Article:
Papers of John Adams, volume 3

To Samuel Osgood Jr.

From Charles Lee

From Samuel Chase, 16 November 1775 Chase, Samuel JA


From Samuel Chase, 16 November 1775 Chase, Samuel Adams, John
From Samuel Chase
Baltimore Town. Nov. 16th. 1775 My Dear Sir1

I am well assured that a Supply of Powder is arrived at Statia,2 so writes Captain Waters on 10th. October. A Dutch Vessell bound to Surrinam has contracted with a Captain of this place for twenty five Tons, if he comes for it by Xmas.

I have seen several of the principal Gentlemen here. They are wishing for the Destruction of Lord Dunmore and his fleet.3 Inclosed You receive the Terms on which two Vessells can be procured here.4 311The first I am well assured is very reasonable. The province have 15 – 6 pounders, and the Merchants here will furnish a Ton of Gunpowder for that Expedition. If either of the Vessells should be accepted, write to Robert Alexander Esqr. of this town. My Compliments to your worthy Colleagues. Yr. obedt. Servt.

S Chase

RC (Adams Papers); addressed: “To John Adams Esquire One of the Delegates of the Congress Philadelphia”; postal markings: in red ink, “2/5,” in black ink, “1N4”; stamped: “Baltimore Nov. 18”; docketed: “Mr Chase Nov 16. 1775.”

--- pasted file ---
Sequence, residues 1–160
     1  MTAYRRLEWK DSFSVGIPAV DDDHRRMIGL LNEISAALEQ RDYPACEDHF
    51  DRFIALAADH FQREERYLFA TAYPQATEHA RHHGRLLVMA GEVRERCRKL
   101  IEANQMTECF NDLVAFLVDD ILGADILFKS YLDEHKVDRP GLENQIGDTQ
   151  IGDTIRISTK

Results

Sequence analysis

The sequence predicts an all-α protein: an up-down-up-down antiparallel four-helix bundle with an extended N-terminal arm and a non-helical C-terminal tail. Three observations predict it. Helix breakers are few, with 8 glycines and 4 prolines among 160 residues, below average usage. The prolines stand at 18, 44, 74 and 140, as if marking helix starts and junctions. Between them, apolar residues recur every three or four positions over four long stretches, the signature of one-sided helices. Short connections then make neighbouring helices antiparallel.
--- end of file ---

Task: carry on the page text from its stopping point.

Chase probably wrote to JA in the latter's capacity as a member of the committee for fitting out armed vessels (JA's Service in the Congress, 13 Sept. – 9 Dec., Editorial Note, above).


St. Eustatius, a Dutch possession in the West Indies, was the major conduit for trade between Europe and the American colonies, particularly in arms and ammunition. This trade, which continued relatively unabated from 1774 through 1780 despite vigorous British objections, was a major reason for the declaration of war between the United Provinces and Britain on 20 Dec. 1780. The British ambassador to the Hague reported that between January and May 1776 eighteen Dutch vessels had cleared for St. Eustatius carrying arms, obviously for the American market (J. Franklin Jameson, “St. Eustatius in the American Revolution,” AHR , 8:683–708 [July 1903]).


After Gov. Dunmore had taken refuge with the British navy, he made raids on Virginia in the fall of 1775. Americans estimated the number of blacks under his command at up to one hundred ( Naval Docs. Amer. Rev. , 2:630, 994).


Not found.